Post-restructuring BIMB’s 9MFY21 net earnings of RM454.7m (+17%) is within our expectation. We anticipate some softness during the 4Q period as applications for assistance programs could lead to further provisions, similar to its peers. We maintain our OUTPERFORM call on the stock for its sole Shariah bank status and fair dividend-to-ROE proposition. However, we reduce our TP to RM3.20 (from RM3.55) as we make model adjustments to reflect a post-restructuring landscape.
9MFY21 within expectations. Presenting its first post-restructuring results, 9MFY21 net profit of RM454.7m is within our expectation, making up 78% of our full-year estimates. Currently, there are no post-restructuring consensus earnings available for comparison. No dividend was declared, as expected.
YoY, 9MFY21 total income was flattish (+1%) with net Islamic income gaining 3% from a higher financing base amidst some normalisation in NIMs (2.89%, -5bps). Meanwhile, investment income narrowed by 3% likely due to the softer trading environment. Operating expenses increased by 5% as higher overall overheads and personnel cost were needed to cater to the reopening of the economy. On the flipside, credit cost eased to our calculated annualised rate of 14bps (-25bps) as lofty pre-emptive bookings were made during the prior year. All in, this led to 9MFY21 net earnings to report in at RM454.7m (+17%).
(QoQ comparison is not available due to the absence of 2QFY21’s post-restructuring numbers)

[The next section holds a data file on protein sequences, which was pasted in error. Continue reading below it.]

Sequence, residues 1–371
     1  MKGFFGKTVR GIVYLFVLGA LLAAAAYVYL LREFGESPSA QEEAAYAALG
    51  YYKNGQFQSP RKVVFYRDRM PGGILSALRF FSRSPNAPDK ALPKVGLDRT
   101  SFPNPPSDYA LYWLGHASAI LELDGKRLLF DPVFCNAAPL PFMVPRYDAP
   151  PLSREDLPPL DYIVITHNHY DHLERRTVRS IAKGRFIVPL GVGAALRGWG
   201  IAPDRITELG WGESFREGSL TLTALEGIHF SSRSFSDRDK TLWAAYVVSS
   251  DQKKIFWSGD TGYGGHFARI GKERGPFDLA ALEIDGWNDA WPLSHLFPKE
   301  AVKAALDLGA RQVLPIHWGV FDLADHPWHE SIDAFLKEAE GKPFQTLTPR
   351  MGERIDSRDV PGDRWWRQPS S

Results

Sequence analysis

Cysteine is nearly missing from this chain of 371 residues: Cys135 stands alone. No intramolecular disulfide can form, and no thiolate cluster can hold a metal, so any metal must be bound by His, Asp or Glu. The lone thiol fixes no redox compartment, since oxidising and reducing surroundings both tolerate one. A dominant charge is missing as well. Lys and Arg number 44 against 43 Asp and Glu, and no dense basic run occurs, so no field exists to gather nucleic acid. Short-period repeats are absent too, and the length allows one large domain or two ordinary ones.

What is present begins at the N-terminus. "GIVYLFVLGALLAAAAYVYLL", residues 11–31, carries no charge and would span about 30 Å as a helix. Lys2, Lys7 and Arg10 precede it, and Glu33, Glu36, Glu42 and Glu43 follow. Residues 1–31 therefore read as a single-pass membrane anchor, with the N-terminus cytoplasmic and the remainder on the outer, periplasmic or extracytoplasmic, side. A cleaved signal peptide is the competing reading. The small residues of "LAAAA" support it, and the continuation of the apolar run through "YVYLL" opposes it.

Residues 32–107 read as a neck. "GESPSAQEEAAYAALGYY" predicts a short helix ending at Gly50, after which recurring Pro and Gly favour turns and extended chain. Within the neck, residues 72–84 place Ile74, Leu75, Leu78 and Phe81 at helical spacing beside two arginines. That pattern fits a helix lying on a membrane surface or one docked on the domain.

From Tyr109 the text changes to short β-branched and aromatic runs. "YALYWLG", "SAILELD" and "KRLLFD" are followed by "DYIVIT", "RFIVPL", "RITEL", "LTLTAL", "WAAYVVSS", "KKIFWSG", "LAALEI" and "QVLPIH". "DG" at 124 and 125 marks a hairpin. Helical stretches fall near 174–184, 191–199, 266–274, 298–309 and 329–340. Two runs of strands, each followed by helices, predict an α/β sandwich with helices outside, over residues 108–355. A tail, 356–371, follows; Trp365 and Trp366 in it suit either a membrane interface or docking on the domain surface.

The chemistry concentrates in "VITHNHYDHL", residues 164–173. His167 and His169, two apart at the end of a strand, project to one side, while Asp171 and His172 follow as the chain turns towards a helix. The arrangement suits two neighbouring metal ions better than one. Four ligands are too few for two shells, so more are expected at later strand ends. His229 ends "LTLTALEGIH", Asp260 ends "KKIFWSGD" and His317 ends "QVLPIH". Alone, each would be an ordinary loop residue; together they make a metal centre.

Well contained earnings delivery expected. While there is no engagement with management this time around, we opine that the group is likely to keep its targets for the time being. The previous credit cost guidance of 30-35bps may be a stretch to achieve lest management decides to frontload more provisioning in anticipation of worsening Covid- 19 ramifications. The group also had a financing growth target of 7%, which though may seem to need much catching up, we believe that the loans take-up in 4QFY21 may be stronger for more retail spending. In the slightly longer term, the group is likely to draw the full brunt on the one-off Prosperity Tax in FY22 which would cause a sequential earnings decline at our current projections. Still, with a generous dividend payout of c.60%, its yield offerings may still be attractive to safety seeking investors, especially in the Shariah space.
Post results, we tweak our FY21E/FY22E earnings from model updates.
Maintain OUTPERFORM but with a lower TP of RM3.20 (from RM3.55). With the availability of the post-restructuring accounts, we fine tune our books and recalibrate our applied valuation on a constant 5-year mean level. Our TP is premised on a GGM-derived 1.18x FY22E PBV. The stock is expected to stand at high ROE levels relative to its dividend payments. Being the sole Shariah-compliant bank also awards the bank a scarcity premium amongst its peers.
Risks to our call include: (i) higher-than-expected margin squeeze, (ii) lower-than-expected loans growth, (iii) worse-than-expected deterioration in asset quality, (iv) further slowdown in capital market activities, (v) adverse currency fluctuations, (vi) delay in restructuring exercise, and (vii) changes in OPR.
Source: Kenanga Research - 30 Nov 2021